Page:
Brief Interview With a DFW Book Club Founder

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Brief Interview With a DFW Book Club Founder

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The pale figure of Peter Merriman looms behind a stack of books that influenced “All That,” his new David Foster Wallace reading group.


With the ostensible exception of Thomas Pynchon, no contemporary American author has attracted as slavishly dedicated a following as the late David Foster Wallace. Sure, certain scribes (Cormac McCarthy, Don DeLillo, Philip Roth) have amassed as much critical goodwill, as well as public and academic interest; but Foster Wallace’s work, like Pynchon’s, has fostered a kind of cult following.
Groups of strangers, for example, assemble online to take part in Infinite Summer, an annual attempt to plough through the thousand-plus pages of Foster Wallace’s 1996 tragicomic sci-fi tome Infinite Jest in the course of a few months. Fans collaborate on wikis dedicated to his work (or just Infinite Jest). And readers of all stripes pour over his novels, short stories, and non-fiction with the nerdy dedication of comic book or horror movie geeks.
Wallace’s is precisely the kind of body of work that is made richer through lively discussion with like-minded fans. And with the publication of the posthumous David Foster Wallace (DFW to devotees) novel The Pale King on the horizon, one Torontonian enthusiast thought it’d be the ideal time to start his own DFW book club.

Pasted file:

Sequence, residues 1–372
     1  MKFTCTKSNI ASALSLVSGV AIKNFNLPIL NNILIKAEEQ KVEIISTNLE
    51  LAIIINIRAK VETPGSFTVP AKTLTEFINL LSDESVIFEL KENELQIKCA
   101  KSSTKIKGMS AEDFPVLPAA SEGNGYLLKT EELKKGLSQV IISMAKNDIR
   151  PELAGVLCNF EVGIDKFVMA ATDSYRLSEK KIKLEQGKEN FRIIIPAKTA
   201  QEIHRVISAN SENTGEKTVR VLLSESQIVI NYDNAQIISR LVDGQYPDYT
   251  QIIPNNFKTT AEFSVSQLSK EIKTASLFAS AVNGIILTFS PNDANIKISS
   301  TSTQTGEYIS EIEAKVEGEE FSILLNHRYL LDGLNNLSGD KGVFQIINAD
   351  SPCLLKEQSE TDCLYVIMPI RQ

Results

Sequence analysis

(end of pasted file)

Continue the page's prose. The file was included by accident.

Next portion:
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Type Books on Queen West.


Peter Merriman, a bookseller who works at Nicholas Hoare on Front Street, conceived of a DFW reading group to commence late this month in the basement of Type Books on Queen West, in expectation of The Pale King’s publication in April. “I was thinking about The Pale King and anticipating it, and started to read things that related to it,” explains Merriman.

In How Fiction Works, James Wood talks about the struggle for realist novelists to adapt a voice that is authentic to contemporary America and not sound like idiots or not sound boring. George Saunders would be a good example of this. And [Wood] uses DeLillo and Foster Wallace as examples. He also talks about this Auden poem called “Novelist,” and says that poets can show off and show all their talents and describe stuff as a poem, whereas a realist novelist has to lose his gifts in a way. The phrase he uses is that they have to become “the whole of boredom.” Which seems to relate to this book coming out, which seems to be about transcendence through boredom.